By Mukesh Bhutani
The First budget of Modi 2.0 was announced with a huge focus on redistribution of wealth and tax administrative reforms keeping transparency in mind to support its slogan 'Minimum Government and Maximum Governance'. It focuses on measures to simplify tax administration with the use of technology tools for tracing cash economy and reigning discretion of tax officials on tax assessments.
Incentives to start-ups: FM's announcement for start-up sector on waiving the need for any form of scrutiny by the tax administration concerning 'valuations' of share premiums will come as a big sigh of relief for a sector which underwent an unwarranted examination of the taxman. Start-ups have now been dealing with challenges involving high credit costs and deprivation of timely adequate funding, adding up to complex regulatory gridlocks. Preventing government from achieving policy objectives under its flagship programs 'Digital India' and 'Startup India'. Currently, India has over 16,500 start-ups as recognised by the Department of promotion of Industrial and Internal Trade from around 30,000 start-ups. Also, special administrative arrangements have been put in place for assessments of start-ups with prior approval of a senior official to undertake scrutiny assessment. Further, the issue of establishing the identity of the investor and source of his funds will be resolved by putting in place a mechanism of e-verification. Finally, the benefit of non-justification of the fair market value of shares will extend to Category-II Alternative Investment Funds (AIF) to proper funding in this sector.
These changes have primarily cleared the angel tax controversy over valuations during various rounds of start-up funding. The Bill proposes to extend the period of exemption of capital gains arising from the sale of residential house for investment in start-ups up to mAR 31, 2021 and transfer of majority shareholding of eligible start-up shall no longer be deprived from setting off its losses, which otherwise applies to all taxpayers.
Other amendments: FM announced to introduce Central Cell to issue scrutiny notices to taxpayers. Notices will not disclose the name, designation or location of the Assessing Officer. Cases selected for scrutiny shall be randomly allocated to assessment units. The Central Cell will be a single point of contact between the taxpayer and the department. This new scheme of assessment represents a paradigm shift in the functioning of the revenue department and will discourage unfair practices.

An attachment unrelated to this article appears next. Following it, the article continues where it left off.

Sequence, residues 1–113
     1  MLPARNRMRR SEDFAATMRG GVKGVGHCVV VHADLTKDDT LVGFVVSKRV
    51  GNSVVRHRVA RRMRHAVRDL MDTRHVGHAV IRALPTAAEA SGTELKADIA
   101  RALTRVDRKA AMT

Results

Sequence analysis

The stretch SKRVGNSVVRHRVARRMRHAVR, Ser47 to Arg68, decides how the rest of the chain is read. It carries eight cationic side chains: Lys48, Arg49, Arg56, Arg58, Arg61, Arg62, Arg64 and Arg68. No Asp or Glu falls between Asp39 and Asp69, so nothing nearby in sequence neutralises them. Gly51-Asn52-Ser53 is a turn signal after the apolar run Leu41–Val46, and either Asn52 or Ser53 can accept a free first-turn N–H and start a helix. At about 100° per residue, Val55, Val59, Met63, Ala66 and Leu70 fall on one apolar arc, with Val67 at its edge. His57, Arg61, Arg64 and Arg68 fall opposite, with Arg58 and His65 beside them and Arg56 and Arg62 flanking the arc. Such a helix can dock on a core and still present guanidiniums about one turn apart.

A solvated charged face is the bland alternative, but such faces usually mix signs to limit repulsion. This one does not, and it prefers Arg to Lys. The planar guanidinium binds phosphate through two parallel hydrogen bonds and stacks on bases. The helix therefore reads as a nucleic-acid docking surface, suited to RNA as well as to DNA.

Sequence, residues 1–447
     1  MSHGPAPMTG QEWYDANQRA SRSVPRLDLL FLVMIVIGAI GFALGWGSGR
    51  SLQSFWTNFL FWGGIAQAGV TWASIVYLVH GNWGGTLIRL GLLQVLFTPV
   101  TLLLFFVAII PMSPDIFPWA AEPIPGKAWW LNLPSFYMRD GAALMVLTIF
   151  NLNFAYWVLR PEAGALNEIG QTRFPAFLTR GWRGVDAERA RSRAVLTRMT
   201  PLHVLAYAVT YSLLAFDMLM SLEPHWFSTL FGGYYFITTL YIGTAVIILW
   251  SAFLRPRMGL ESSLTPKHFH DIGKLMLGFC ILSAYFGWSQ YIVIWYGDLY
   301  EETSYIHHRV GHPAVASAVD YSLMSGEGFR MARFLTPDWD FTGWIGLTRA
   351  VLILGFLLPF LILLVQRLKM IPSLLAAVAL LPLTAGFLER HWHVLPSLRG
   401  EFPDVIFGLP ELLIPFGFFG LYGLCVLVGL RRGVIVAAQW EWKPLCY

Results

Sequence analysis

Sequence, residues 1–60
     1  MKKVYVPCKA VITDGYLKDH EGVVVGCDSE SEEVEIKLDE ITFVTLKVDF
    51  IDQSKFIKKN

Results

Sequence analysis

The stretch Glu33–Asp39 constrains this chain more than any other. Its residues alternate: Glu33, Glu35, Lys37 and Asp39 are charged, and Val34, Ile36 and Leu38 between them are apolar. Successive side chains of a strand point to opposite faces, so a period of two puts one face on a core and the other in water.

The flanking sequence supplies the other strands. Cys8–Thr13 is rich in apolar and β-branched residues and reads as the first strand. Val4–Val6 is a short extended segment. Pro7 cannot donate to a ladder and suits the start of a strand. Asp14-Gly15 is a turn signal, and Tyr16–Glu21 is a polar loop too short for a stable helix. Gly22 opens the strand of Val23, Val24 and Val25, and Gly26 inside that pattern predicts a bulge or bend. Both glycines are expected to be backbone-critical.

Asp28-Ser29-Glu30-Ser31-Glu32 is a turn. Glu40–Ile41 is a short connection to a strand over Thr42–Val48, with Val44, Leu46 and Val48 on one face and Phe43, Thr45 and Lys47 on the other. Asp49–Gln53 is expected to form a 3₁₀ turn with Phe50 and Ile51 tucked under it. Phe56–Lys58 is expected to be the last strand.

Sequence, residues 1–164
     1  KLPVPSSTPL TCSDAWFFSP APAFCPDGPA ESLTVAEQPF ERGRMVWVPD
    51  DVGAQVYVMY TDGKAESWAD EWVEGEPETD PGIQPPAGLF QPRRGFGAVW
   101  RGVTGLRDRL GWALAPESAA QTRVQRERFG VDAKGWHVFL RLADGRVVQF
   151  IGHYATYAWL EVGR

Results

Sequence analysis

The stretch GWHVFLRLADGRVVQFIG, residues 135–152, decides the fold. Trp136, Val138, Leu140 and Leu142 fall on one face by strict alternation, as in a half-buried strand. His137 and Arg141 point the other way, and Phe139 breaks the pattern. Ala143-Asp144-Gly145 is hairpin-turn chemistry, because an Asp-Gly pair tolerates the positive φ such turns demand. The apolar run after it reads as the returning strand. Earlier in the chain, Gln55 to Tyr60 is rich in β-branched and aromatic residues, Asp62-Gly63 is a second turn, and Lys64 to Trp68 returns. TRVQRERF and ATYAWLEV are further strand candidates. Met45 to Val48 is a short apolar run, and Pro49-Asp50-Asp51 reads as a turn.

In place of a levy for withholding tax, a 2% charge on withdrawal of cash in excess of Rs 100 million from a single bank has been introduced to discourage the use of cash as well as establish a trail.
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An introduction of two additional slabs of surcharge of 3% and 7% applicable to individuals on income between `20 million to `50 million and above `50 million, respectively, is motivated by the principle of redistribution of wealth via tax levies. Perhaps, the expectation on the streets for new levies, such as wealth tax and inheritance tax, is avoided with such super-rich tax. Of course, one needs to see if the maximum marginal rate, which stands at 42.74% is corrected with a moderate tax rate under the Direct Tax Code. As an anti-avoidance measure, buyback of listed shares will be taxed at 20%, which was earlier applied only to unlisted companies.
At the outset, it is fair to say that this year's Budget is primarily focused on tax administrative reforms with a vision to encourage a cashless economy to come close to the distant dream of $5 trillion GDP by 2024-25.
The writer is Partner, BMR Legal Advocates